Criminal Justice

Worth remembering: When NOPD drew on community culture to fight crime

In the 1970s, the NOPD's Community Relations Department sponsored rolling talent shows that visited public housing developments.

NOPD archive/Roland House

Crowds enjoy a rolling talent show sponsored by the NOPD’s Community Relations Department in 1976.

It is hard to believe today, but once upon a time there was a whole department of officers within the NOPD who believed in the power of violence prevention and had a mandate to practice it.

  • They were people like Officer Gilbert Johnson, who ran the NOPD Explorer Scout Troop Post 560. The troop took young adults on field trips, encouraged them to play music and taught them about the law through hands-on experiences.
  • Officers Octavia Robinson and Carol Morgan organized NOPD talent shows on the back of flatbed truck at all eight housing projects, reaching thousands of children every year.
  • Officer Roland House, as “Officer Friendly,” was the first cop most children met in New Orleans through presentations he and other officers made to sixth-graders about safety, behavior and motivation.
  • Officer Danny Schott ran the NOPD Youth Boxing Program for teens, girls included!
  • Officers Bertrand Turner and John Fields tutored elementary children after school and helped defuse fights at high schools using positive and non-violent interventions.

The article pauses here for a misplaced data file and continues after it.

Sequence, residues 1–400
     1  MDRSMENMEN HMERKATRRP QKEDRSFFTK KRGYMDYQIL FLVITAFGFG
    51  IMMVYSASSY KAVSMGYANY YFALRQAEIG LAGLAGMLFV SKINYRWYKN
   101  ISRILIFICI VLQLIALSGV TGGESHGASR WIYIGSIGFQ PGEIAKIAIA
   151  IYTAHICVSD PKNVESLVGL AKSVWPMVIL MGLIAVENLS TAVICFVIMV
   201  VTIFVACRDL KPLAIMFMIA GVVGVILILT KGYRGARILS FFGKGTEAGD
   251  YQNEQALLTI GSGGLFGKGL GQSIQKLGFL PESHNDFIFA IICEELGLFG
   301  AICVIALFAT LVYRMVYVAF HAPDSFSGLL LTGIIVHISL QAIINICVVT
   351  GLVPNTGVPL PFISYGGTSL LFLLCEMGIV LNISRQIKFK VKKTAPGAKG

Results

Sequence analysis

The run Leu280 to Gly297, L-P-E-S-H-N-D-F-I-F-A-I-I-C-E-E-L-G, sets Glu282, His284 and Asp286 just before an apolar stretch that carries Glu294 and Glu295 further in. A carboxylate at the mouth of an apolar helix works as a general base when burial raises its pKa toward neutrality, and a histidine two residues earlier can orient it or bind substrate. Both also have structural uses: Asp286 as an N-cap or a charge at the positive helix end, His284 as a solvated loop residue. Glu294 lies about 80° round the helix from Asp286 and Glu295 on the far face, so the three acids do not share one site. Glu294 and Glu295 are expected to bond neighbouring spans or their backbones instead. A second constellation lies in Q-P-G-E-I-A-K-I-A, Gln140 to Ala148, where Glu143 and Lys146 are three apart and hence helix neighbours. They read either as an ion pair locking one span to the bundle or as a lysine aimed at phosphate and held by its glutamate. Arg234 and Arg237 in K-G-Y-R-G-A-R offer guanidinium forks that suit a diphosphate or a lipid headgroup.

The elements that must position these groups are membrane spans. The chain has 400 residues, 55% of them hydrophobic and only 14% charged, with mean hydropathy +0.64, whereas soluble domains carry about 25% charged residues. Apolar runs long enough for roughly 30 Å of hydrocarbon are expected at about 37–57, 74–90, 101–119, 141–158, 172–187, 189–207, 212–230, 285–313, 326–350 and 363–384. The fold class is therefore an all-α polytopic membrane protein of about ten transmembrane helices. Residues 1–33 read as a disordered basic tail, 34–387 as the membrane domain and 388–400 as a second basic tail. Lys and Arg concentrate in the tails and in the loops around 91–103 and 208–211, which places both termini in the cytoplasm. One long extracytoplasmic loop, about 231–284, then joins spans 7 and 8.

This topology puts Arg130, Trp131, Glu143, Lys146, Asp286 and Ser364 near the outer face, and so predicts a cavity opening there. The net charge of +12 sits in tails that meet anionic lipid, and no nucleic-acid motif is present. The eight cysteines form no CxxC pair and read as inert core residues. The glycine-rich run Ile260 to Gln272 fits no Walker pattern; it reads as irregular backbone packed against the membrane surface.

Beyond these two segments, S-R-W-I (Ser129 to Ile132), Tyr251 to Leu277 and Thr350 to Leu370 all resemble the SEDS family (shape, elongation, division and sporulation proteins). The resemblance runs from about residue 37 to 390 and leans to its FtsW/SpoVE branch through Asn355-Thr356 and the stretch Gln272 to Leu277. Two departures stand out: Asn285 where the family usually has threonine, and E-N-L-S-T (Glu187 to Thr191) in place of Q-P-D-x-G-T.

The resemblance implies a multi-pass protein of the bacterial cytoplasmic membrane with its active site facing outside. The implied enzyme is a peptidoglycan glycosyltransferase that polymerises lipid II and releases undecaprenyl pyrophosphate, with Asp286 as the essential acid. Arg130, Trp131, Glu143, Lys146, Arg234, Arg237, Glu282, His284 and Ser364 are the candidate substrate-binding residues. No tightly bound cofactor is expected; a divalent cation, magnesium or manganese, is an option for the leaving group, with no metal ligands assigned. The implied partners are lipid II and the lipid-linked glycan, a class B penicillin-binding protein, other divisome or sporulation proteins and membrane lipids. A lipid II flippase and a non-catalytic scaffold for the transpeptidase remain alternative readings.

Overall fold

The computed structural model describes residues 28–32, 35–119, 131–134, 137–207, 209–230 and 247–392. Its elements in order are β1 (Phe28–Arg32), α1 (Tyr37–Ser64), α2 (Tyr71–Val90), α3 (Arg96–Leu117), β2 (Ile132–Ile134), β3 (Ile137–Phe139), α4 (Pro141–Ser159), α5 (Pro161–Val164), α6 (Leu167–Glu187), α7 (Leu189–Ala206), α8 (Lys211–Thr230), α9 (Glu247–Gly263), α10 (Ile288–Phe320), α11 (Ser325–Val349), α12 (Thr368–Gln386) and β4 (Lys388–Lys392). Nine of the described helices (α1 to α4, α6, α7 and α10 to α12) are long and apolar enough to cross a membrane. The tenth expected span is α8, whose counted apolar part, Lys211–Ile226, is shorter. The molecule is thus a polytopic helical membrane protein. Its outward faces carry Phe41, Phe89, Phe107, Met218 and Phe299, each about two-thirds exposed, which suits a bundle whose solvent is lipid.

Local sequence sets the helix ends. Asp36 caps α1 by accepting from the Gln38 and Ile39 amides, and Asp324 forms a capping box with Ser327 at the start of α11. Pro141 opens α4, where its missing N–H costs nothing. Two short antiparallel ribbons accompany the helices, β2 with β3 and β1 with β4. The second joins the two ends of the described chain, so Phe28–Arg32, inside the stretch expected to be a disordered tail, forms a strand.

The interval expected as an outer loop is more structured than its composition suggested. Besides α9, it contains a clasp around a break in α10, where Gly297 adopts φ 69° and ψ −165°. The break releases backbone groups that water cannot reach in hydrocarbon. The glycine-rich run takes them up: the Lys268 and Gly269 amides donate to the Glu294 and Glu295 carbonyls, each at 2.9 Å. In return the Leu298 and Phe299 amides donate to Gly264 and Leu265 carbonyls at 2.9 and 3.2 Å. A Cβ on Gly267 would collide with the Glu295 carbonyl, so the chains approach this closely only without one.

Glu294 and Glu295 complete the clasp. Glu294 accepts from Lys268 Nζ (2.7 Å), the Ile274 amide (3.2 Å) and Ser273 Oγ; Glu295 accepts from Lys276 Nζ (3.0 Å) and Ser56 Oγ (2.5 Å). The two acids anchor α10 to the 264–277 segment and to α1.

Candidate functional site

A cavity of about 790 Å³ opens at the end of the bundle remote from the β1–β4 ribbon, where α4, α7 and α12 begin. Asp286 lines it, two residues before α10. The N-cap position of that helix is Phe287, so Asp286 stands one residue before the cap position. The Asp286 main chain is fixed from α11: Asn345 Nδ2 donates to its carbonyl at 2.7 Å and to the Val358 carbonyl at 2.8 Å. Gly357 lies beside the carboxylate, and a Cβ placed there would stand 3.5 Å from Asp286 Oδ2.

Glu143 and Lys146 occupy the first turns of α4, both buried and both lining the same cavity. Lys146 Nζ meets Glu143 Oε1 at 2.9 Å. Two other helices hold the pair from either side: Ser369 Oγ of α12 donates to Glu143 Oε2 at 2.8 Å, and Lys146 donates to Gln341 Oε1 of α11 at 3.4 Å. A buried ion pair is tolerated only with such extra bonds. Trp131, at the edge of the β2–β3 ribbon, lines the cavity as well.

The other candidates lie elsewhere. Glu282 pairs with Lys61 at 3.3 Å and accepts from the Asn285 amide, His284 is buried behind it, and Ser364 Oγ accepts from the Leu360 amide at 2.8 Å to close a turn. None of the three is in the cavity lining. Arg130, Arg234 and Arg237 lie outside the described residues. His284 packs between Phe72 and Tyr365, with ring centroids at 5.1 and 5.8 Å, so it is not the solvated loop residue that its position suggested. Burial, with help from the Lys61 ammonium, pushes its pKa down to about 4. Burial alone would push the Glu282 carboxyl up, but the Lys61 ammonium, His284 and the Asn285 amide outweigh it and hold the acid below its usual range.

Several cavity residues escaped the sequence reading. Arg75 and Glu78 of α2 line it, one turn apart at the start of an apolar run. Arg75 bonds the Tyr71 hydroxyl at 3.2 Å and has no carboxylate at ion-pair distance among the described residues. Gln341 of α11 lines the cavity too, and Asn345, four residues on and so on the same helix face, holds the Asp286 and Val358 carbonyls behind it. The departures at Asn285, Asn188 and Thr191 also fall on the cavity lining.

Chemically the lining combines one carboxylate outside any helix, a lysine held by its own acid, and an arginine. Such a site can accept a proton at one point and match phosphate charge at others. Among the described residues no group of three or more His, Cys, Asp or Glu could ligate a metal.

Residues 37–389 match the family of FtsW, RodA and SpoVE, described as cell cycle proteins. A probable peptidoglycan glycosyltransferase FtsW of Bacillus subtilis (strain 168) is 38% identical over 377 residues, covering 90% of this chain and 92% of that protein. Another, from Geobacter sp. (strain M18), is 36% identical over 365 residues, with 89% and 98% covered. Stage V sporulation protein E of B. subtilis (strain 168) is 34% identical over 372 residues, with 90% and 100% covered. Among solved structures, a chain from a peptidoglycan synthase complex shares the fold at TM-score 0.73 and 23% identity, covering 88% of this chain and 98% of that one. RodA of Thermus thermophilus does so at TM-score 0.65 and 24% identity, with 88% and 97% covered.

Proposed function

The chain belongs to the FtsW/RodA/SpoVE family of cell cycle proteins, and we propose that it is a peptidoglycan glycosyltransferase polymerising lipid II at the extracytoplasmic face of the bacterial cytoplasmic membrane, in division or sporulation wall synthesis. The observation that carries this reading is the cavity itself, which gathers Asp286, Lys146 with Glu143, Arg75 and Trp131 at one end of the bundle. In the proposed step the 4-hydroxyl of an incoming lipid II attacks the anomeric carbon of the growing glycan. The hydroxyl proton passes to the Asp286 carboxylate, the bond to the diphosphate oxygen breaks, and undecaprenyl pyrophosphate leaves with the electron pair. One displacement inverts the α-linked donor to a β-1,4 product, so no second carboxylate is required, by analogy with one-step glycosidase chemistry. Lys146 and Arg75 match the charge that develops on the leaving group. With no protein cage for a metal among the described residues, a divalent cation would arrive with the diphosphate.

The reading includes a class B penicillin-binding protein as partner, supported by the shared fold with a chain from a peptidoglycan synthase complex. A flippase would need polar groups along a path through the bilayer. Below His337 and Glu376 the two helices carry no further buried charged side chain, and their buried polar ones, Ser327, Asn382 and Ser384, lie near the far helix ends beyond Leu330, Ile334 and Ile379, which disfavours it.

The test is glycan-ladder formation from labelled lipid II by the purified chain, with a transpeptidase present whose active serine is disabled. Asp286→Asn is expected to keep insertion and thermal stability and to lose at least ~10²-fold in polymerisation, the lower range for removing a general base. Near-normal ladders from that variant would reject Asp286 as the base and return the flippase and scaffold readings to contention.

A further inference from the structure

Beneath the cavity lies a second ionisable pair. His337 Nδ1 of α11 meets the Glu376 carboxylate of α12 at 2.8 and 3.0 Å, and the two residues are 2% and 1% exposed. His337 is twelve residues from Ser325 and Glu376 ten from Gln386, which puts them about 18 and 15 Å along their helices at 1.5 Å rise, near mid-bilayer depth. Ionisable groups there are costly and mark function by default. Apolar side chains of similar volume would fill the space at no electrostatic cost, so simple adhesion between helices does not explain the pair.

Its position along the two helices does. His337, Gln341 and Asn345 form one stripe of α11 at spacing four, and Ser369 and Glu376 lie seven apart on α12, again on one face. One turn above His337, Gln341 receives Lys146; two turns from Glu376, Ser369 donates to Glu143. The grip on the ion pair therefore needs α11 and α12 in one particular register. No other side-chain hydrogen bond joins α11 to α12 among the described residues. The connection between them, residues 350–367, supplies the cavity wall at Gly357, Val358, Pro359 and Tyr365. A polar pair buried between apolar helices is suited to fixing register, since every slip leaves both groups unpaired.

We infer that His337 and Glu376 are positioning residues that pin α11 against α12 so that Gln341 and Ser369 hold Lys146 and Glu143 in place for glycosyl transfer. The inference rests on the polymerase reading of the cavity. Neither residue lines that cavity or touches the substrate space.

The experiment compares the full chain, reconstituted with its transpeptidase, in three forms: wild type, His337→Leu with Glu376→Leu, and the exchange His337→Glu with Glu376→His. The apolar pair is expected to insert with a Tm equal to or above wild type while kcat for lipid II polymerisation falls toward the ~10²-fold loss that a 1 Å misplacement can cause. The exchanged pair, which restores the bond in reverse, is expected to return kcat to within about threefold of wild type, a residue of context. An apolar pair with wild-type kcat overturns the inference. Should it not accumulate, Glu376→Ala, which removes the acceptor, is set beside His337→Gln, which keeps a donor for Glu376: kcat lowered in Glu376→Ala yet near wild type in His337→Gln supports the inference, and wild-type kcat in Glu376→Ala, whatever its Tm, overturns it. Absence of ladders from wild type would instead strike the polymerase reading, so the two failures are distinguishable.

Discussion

• These and other police personnel worked together across lines of race, class and gender as part of the NOPD Community Relations Department, led by Commander Yvonne Bechet.

Community Relations officers were frequently questioned and challenged by other NOPD divisions, and many in the community mistrusted NOPD’s motives. But the program was no fairy tale, and while it lasted — from around 1968 to the mid-1980s, no one knows for sure — Community Relations had real impact. By one measure, it was the only department in the force with the respect and trust of the community sufficient to raise hundreds of thousands of dollars in in-kind donations every year. It had to, because even at its height, the department had $0 for such programming.

Critics griped that they were not catching bad guys, so what good were they? The answers turned out to be not only crime prevention as such, but also public relations, criminal intelligence, officer morale and most surprisingly, recruitment. As children touched by Community Relations grew up and looked for jobs, a lot of them went on to careers in law enforcement, the law, education and the arts. Equally important, Community Relations did its part to sustain community trust in the police — something in short supply today.

Our society is undergoing an epidemic of violence that infects all generations, classes and social sectors, from adults to youth, from native-born to immigrant, from our police and military to the general population. Fatal shootings in New Orleans in August were up 126 percent from last year. Fatal shootings in Chicago were up 88 percent during the first three months of 2016.